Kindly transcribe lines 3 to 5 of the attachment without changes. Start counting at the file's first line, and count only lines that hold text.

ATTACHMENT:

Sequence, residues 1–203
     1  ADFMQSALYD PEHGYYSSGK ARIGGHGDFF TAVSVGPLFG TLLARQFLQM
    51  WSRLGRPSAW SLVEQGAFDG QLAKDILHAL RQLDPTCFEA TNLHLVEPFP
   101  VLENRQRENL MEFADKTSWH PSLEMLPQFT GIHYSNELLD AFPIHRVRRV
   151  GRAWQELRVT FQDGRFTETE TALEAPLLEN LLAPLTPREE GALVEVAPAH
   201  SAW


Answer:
    51  WSRLGRPSAW SLVEQGAFDG QLAKDILHAL RQLDPTCFEA TNLHLVEPFP
   101  VLENRQRENL MEFADKTSWH PSLEMLPQFT GIHYSNELLD AFPIHRVRRV
   151  GRAWQELRVT FQDGRFTETE TALEAPLLEN LLAPLTPREE GALVEVAPAH